Medieval Cities: Places of Freedom and Sickness

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Medieval Cities: Places of Freedom and Sickness
Medieval Cities: Places of Freedom and Sickness

City he alth risk

A city's community offered shelter and ample opportunities to earn a living. But filth and foul water were everywhere.

In a good 30 years, more than two thirds of the world's population will be living in urban areas, according to a 2014 estimate by the United Nations. This is a problematic development, not least from a medical point of view. Because close cooperation not only promotes mental illnesses, but also promotes the spread of infectious diseases.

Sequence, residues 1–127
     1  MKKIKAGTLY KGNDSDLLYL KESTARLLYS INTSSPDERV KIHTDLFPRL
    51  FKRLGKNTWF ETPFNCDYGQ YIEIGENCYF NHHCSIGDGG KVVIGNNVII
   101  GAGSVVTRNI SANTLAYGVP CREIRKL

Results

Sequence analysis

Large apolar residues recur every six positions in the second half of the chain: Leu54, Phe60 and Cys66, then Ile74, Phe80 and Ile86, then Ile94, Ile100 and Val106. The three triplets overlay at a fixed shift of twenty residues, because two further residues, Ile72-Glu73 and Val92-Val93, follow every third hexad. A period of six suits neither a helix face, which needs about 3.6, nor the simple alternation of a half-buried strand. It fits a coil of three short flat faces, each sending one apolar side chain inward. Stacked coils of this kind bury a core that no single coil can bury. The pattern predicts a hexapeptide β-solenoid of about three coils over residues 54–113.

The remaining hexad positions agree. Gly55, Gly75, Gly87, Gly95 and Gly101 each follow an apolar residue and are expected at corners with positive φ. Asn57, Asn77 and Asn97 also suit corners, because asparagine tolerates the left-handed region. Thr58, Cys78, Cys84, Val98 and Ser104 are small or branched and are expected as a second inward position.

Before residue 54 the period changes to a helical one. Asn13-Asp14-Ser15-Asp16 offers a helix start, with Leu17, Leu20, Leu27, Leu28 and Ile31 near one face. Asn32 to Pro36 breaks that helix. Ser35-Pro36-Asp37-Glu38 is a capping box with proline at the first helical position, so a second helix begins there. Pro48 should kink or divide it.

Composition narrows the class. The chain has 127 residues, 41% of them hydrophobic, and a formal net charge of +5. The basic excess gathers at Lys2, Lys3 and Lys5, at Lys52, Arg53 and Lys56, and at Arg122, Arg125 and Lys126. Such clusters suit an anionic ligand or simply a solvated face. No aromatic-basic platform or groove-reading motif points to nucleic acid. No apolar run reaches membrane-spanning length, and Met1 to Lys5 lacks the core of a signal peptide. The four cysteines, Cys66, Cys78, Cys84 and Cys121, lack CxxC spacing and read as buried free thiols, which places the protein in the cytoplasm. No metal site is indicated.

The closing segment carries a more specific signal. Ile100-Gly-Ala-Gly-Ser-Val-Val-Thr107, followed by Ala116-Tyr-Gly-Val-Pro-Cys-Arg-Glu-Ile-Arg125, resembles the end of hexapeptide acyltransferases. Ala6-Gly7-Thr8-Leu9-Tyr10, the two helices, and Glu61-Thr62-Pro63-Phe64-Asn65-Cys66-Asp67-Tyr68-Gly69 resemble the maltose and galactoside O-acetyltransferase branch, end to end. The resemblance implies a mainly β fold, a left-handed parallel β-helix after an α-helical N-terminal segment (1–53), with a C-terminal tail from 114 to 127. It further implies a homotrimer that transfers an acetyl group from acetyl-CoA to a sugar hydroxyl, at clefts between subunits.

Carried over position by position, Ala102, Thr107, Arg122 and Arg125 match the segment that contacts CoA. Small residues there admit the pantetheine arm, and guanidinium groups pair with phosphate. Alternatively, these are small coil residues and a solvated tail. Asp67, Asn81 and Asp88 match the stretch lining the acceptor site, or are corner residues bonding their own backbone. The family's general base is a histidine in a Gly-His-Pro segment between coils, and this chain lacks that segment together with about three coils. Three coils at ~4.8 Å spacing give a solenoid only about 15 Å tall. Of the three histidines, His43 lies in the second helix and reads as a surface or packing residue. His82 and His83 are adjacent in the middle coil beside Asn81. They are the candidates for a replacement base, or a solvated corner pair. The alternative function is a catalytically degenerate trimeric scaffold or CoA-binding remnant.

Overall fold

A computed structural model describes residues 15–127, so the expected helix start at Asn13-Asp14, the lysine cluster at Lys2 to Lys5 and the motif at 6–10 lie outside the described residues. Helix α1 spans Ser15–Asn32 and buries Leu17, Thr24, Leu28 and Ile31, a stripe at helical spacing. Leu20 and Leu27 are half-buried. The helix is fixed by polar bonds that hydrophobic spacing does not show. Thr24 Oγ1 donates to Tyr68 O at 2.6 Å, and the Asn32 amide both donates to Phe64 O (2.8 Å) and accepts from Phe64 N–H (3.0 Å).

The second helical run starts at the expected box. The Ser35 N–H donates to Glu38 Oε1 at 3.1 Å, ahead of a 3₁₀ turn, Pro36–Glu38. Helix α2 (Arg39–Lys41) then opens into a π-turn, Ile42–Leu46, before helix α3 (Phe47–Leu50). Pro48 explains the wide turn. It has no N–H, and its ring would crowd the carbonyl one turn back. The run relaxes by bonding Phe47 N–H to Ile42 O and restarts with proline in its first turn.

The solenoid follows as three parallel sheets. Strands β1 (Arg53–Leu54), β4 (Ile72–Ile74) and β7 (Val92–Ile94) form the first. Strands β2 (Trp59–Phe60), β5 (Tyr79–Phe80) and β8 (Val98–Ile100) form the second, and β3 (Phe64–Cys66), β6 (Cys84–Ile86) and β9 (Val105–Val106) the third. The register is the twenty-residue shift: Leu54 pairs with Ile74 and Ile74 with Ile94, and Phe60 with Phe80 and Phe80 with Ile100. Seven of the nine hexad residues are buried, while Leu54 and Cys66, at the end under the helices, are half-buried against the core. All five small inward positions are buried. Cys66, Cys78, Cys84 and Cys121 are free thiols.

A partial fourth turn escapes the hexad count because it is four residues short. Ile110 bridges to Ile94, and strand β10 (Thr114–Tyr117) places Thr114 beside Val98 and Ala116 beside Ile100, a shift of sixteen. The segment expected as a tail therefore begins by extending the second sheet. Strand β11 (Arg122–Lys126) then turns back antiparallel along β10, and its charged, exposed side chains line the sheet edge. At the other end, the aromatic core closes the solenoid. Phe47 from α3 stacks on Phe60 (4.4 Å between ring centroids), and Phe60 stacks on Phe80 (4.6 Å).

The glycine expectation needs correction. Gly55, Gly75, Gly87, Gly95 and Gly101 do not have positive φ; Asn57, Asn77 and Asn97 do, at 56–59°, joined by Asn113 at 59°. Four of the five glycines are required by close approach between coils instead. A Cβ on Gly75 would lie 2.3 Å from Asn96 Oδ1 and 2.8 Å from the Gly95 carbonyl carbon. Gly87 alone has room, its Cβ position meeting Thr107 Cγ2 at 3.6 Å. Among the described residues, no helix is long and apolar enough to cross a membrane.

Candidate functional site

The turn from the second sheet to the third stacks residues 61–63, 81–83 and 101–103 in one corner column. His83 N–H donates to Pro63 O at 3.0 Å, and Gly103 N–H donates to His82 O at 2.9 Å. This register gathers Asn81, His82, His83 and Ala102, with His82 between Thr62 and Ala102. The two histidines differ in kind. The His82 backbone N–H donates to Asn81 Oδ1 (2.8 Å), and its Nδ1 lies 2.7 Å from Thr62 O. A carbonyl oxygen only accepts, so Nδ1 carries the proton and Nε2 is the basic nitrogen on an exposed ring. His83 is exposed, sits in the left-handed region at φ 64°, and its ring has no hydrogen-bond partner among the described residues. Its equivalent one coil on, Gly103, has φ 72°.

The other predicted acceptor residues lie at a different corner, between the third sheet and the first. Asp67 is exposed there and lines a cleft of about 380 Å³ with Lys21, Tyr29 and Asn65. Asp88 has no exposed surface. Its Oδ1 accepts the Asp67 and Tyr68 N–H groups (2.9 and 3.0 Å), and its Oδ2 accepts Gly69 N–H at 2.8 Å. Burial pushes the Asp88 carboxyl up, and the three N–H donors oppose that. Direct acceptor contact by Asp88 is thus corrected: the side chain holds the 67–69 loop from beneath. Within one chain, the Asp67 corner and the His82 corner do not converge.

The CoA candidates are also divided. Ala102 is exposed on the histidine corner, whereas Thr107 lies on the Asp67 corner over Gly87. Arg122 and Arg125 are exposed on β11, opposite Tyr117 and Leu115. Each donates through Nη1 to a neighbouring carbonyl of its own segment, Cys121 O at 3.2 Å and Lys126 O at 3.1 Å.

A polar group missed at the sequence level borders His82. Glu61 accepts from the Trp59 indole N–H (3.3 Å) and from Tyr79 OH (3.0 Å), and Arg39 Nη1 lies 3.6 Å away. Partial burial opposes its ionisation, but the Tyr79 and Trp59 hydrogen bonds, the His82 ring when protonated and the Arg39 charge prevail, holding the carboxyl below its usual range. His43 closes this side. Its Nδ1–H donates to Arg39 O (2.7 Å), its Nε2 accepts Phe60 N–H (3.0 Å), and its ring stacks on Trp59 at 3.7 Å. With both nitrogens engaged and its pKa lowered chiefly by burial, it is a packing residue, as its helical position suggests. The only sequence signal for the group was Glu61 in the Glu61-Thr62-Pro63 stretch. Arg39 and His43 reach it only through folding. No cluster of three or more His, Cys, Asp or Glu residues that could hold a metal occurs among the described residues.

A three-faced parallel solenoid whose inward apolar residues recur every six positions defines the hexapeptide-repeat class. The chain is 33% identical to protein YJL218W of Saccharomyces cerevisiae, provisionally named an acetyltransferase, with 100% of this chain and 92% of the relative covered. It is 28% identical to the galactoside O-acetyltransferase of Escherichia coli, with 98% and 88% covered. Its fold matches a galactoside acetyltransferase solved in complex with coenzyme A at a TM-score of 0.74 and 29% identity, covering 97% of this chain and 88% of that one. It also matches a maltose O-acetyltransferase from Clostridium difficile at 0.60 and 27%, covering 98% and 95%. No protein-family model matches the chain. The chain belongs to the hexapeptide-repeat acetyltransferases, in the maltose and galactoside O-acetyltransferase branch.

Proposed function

"City air makes you free" was a saying, because citizens not only enjoyed many rights - an escaped farmer who hid in a city for a year and a day could not be reclaimed by his landlord. Henceforth they were part of a system very different from the world of nobles and peasants. The city with its walls stood out visibly from the surrounding area. Mayors, city councilors and judges were elected and markets were held. In this narrow and interconnected world, rich merchants met craftsmen, market traders and day laborers. The community ensured peace and order. For example, in the 12th century, Strasbourg decreed that peace should prevail at all times for residents and visitors alike. At the beginning of the 20th century, the sociologist Max Weber stated: The city enables strangers to live together …

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